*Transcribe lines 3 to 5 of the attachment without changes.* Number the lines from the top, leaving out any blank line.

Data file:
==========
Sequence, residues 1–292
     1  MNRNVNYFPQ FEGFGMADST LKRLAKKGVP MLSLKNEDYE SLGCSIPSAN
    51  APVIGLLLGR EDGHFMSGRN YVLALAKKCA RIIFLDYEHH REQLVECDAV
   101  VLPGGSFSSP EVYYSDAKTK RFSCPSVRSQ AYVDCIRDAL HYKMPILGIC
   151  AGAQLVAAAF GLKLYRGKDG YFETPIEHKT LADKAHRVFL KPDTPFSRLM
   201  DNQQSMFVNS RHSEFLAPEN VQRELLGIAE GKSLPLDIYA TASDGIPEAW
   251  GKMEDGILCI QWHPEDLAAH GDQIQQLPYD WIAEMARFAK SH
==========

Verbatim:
    51  APVIGLLLGR EDGHFMSGRN YVLALAKKCA RIIFLDYEHH REQLVECDAV
   101  VLPGGSFSSP EVYYSDAKTK RFSCPSVRSQ AYVDCIRDAL HYKMPILGIC
   151  AGAQLVAAAF GLKLYRGKDG YFETPIEHKT LADKAHRVFL KPDTPFSRLM